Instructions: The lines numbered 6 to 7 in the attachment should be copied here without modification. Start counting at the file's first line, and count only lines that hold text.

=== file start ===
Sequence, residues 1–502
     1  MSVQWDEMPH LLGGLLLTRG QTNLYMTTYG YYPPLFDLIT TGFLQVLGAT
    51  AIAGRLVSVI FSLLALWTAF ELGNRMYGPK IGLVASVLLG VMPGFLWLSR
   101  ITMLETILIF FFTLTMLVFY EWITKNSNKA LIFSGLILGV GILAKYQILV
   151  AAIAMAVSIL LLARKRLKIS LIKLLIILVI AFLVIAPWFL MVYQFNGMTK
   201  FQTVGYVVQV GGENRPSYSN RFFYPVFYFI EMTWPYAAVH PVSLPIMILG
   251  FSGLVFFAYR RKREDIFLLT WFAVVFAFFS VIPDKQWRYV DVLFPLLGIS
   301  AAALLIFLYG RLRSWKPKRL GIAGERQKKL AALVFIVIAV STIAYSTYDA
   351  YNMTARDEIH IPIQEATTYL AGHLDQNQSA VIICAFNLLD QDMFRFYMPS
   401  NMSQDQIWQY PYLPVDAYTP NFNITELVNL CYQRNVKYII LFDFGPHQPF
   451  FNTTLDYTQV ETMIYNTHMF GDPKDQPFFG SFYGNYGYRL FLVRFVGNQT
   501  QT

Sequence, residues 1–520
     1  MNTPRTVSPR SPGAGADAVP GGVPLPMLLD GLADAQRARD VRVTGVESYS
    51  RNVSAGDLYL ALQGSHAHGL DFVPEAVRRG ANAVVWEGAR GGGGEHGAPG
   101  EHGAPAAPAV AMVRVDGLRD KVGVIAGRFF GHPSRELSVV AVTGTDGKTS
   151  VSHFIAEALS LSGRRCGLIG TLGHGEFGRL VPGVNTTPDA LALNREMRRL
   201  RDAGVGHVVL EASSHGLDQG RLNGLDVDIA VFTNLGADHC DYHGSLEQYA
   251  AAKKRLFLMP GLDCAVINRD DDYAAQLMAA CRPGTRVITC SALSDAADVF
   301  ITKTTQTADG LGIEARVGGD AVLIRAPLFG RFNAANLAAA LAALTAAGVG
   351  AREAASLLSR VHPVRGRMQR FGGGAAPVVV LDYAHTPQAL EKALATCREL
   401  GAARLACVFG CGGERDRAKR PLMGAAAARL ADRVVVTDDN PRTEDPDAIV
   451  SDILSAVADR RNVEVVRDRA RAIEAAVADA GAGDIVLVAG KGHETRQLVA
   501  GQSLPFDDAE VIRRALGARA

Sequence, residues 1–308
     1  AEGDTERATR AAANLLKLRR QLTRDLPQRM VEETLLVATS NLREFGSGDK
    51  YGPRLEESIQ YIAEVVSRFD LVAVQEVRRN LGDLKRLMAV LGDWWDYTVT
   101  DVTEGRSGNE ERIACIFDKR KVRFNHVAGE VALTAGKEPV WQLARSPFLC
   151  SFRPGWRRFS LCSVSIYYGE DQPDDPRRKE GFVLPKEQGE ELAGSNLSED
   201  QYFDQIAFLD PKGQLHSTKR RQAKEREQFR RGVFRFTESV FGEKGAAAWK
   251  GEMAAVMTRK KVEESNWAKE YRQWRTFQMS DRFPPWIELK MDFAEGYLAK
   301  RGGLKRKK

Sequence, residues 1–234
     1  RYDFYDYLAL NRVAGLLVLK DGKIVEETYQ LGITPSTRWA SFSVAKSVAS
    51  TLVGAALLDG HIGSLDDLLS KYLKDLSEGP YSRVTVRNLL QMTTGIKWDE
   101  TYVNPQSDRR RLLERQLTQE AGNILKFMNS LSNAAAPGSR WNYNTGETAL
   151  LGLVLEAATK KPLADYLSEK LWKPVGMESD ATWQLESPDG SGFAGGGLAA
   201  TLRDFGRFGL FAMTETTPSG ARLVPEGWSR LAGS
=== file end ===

   201  FQTVGYVVQV GGENRPSYSN RFFYPVFYFI EMTWPYAAVH PVSLPIMILG
   251  FSGLVFFAYR RKREDIFLLT WFAVVFAFFS VIPDKQWRYV DVLFPLLGIS